New systems need to allow prospective users to access and use solutions not just on a single computer, but on all of the different computers and ICT that they must use (in different classrooms and laboratories, at home, at work, and the community, when traveling, etc.).

Whereas the lack of accessibility or even the maintenance of the status quo would further increase social exclusion, its improvement can contribute to greater social inclusion (better access to health and public services, improved employability and productivity, increased embeddedness for people in social relations and networks, etc).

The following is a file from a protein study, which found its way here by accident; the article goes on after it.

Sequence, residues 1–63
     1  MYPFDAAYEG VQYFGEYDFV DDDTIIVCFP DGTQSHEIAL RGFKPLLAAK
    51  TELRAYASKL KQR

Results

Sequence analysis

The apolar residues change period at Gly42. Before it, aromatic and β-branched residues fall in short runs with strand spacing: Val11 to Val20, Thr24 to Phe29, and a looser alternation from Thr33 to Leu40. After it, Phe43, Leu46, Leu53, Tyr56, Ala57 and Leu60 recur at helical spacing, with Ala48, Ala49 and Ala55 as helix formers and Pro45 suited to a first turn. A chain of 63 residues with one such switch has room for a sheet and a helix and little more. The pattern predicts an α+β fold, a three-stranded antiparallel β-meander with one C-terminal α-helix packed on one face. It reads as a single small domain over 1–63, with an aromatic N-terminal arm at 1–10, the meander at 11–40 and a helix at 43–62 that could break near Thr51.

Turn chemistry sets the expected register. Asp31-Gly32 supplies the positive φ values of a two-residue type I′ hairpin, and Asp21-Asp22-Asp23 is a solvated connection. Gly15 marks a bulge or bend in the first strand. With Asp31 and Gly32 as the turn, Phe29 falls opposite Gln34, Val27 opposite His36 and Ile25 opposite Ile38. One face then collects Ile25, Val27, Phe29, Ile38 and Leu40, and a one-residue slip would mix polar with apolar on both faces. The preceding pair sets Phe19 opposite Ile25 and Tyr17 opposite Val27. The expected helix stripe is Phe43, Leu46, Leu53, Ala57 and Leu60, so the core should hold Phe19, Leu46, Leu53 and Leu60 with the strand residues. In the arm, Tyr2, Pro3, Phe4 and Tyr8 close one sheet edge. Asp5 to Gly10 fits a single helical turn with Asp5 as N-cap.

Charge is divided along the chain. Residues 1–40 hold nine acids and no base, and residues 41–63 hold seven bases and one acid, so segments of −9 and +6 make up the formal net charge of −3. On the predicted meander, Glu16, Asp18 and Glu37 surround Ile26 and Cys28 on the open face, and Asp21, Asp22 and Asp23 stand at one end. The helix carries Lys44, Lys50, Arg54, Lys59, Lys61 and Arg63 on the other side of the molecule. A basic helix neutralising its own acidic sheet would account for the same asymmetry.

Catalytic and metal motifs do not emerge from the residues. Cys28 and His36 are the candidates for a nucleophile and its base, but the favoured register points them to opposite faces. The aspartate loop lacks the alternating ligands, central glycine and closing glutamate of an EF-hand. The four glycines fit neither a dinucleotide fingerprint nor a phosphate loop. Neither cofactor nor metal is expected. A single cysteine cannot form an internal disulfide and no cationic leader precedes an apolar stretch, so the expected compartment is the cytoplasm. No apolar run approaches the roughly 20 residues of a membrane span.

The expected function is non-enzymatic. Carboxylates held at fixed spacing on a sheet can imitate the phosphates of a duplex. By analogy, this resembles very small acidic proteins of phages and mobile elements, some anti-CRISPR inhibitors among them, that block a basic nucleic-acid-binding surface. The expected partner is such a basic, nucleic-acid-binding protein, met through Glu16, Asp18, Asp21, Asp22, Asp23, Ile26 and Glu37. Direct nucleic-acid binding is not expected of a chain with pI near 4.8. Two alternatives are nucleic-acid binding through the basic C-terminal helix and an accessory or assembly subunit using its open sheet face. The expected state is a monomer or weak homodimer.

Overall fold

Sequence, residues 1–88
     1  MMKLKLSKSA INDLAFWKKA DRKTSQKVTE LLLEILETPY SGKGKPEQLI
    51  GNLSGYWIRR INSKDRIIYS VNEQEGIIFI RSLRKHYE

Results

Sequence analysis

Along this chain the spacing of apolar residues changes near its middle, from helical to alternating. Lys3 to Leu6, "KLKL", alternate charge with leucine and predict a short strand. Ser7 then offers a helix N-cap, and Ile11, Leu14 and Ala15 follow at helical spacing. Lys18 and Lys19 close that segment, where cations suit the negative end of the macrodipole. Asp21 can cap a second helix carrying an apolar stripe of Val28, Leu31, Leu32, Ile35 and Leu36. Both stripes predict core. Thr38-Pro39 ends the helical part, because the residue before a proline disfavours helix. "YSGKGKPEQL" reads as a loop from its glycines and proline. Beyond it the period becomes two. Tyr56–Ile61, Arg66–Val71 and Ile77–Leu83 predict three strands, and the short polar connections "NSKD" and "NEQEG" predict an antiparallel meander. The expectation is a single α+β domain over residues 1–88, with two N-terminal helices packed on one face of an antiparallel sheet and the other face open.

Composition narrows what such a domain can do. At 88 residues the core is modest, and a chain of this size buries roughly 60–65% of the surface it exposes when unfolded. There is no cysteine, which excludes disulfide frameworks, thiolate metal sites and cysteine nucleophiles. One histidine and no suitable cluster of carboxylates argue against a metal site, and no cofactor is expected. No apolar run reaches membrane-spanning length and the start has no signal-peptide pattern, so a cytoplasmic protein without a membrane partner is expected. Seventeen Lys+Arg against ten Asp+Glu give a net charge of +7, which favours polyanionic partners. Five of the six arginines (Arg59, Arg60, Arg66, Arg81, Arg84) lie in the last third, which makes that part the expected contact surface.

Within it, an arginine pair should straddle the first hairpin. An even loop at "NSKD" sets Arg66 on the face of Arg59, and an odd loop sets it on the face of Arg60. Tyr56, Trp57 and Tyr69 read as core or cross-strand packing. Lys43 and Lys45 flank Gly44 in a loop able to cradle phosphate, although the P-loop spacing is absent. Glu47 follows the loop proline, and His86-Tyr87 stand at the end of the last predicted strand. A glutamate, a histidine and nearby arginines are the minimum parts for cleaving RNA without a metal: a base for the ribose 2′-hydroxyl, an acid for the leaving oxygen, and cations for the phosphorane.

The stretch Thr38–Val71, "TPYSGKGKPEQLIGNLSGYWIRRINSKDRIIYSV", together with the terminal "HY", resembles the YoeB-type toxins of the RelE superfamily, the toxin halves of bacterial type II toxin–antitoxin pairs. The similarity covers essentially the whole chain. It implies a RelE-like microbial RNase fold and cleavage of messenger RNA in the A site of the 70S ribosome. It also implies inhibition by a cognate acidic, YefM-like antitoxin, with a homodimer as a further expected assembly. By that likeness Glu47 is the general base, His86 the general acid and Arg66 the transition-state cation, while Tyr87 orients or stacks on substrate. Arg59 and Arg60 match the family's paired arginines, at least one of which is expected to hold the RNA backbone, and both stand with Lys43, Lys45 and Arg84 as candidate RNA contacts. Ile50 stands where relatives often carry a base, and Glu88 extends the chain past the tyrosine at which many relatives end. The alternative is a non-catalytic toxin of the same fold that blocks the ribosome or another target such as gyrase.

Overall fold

By substantially improving accessibility, over the next ten years we will open up access to, and improve the use of, ICT products and services in general (whether eCommerce, eGovernment, eHealth, eCulture, or Internet banking) and make opportunities available for older people and for people with disabilities (i.e. to make online job applications, use job-matching platforms or eLearning applications).